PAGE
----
Pluto snow forecast poses atmospheric conundrum
Nature 525, 7567 (2015). http://www.nature.com/doifinder/10.1038/525013a
Author: Alexandra Witze
Discrepancy arises between New Horizons and Earth-based measurements.
Astrophysics: Galaxy γ-ray signal was not oversold
Nature 525, 7567 (2015). doi:10.1038/525033d
Author: Alex Geringer-Sameth
We argue that Jan Conrad's depiction of our preprint (http://arxiv.org/abs/1503.02320; 2015) as a case study in 'crying wolf' lacks accuracy and credibility (Nature523, 27–28;10.1038/523027a2015).Based on public data from NASA's Fermi Large Area Telescope
Quasars are the light fantastic. These brilliant cores of active galaxies blaze with the radiance of a hundred billion stars compressed into a region of space not much larger than our solar system. Supermassive black holes, with millions or billions of times the mass of our sun, are the only imaginable powerhouse behind these tsunamis of raw energy.
The disruption of multiplanet systems through resonance with a binary orbit
Nature 524, 7566 (2015). doi:10.1038/nature14873
Authors: Jihad R. Touma & S. Sridhar
Most exoplanetary systems in binary stars are of S-type, and consist of one or more planets orbiting a primary star with a wide binary stellar companion. Planetary eccentricities and mutual inclinations can be large, perhaps forced gravitationally by the binary companion. Earlier work on single planet systems appealed to the Kozai–Lidov instability wherein a sufficiently inclined binary orbit excites large-amplitude oscillations in the planet’s eccentricity and inclination. The instability, however, can be quenched by many agents that induce fast orbital precession, including mutual gravitational forces in a multiplanet system. Here we report that orbital precession, which inhibits Kozai–Lidov cycling in a multiplanet system, can become fast enough to resonate with the orbital motion of a distant binary companion. Resonant binary forcing results in dramatic outcomes ranging from the excitation of large planetary eccentricities and mutual inclinations to total disruption. Processes such as planetary migration can bring an initially non-resonant system into resonance. As it does not require special physical or initial conditions, binary resonant driving is generic and may have altered the architecture of many multiplanet systems. It can also weaken the multiplanet occurrence rate in wide binaries, and affect planet formation in close binaries.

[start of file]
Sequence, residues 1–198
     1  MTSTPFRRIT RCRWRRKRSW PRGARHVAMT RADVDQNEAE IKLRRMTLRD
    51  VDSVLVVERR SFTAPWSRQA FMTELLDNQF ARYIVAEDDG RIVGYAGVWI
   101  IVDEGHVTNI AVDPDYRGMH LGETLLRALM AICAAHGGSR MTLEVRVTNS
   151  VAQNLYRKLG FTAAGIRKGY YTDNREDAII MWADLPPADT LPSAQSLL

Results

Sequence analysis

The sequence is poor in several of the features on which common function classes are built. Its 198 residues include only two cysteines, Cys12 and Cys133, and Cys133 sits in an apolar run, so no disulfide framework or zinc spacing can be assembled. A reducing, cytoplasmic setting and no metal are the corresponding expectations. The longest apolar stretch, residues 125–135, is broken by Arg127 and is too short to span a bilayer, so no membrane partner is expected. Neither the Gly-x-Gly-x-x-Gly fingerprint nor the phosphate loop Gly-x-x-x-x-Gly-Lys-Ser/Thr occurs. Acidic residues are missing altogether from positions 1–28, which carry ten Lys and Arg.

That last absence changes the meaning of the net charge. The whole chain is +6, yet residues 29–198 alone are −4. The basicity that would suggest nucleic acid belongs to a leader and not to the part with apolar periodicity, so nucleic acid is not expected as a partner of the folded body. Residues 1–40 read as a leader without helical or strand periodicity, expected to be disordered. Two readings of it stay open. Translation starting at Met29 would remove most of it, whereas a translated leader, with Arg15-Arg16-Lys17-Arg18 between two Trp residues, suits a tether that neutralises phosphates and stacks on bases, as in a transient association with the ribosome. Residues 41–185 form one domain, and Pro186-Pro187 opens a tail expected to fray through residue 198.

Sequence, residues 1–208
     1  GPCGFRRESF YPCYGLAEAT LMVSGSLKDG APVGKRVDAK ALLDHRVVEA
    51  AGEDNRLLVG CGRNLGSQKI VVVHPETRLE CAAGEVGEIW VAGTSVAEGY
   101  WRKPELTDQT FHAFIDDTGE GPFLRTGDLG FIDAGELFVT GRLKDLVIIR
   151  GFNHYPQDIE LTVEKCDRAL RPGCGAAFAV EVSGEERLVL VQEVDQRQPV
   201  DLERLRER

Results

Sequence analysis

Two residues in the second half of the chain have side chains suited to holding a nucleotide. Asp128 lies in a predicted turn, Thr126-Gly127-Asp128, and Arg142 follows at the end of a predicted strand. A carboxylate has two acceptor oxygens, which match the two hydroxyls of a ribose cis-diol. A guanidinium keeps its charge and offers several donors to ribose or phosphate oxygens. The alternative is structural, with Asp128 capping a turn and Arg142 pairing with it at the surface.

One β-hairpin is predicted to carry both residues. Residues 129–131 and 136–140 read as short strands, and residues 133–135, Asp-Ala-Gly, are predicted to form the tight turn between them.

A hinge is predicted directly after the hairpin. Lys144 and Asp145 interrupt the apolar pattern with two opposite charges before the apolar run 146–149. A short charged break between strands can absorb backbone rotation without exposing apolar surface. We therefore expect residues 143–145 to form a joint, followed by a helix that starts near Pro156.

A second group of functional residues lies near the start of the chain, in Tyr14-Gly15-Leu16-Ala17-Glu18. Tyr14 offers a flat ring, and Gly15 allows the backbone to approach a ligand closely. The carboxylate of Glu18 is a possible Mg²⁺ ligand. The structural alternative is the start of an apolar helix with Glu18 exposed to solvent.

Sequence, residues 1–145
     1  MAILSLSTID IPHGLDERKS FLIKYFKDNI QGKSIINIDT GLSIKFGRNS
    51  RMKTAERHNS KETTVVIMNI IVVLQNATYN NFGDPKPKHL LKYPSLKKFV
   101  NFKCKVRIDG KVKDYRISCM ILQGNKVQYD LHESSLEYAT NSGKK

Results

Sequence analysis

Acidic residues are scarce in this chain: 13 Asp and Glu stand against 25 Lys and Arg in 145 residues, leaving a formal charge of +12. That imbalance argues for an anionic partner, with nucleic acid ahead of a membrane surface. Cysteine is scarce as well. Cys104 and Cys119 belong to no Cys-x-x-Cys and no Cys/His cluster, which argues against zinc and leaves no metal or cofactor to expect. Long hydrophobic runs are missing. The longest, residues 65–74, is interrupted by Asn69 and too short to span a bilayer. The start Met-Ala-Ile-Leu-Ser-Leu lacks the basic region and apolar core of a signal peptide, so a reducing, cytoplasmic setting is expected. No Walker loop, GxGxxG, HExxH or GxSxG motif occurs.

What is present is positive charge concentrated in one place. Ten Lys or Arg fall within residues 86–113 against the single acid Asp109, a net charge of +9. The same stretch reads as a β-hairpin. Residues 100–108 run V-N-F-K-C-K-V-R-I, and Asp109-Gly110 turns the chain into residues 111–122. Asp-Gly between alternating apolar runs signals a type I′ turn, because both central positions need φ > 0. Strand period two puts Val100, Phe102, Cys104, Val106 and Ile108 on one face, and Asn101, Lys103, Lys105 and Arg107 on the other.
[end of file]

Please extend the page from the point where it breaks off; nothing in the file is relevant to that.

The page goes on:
Astrophysics: Dark-energy search narrows
Nature 524, 7566 (2015). doi:10.1038/524390d
Two groups have tightened the limits on the search for elusive dark matter and dark energy, the mysterious force accelerating the expansion of the Universe.Physicists have proposed that dark energy could come from a 'chameleon' field: a force that would act in the low
Astrophysics: Cosmic neutrinos abound
Nature 524, 7566 (2015). doi:10.1038/524391e
Super-high-energy neutrinos from outside the Milky Way pepper Earth from all directions.Neutrinos are created in the Universe's most violent environments and travel through it almost unimpeded, providing a way to study distant astronomical objects. A team at the IceCube Neutrino Observatory at the South
The Gaia satellite, which orbits the sun at a distance of 1.5million km from the earth, was launched by the European Space Agency in December 2013 with the aim of observing a billion stars and revolutionising our understanding of the Milky Way.
The unique mission is reliant on the work of Cambridge researchers who collect the vast quantities of data transmitted by Gaia to a data processing centre at the university, overseen by a team at the Institute of Astronomy.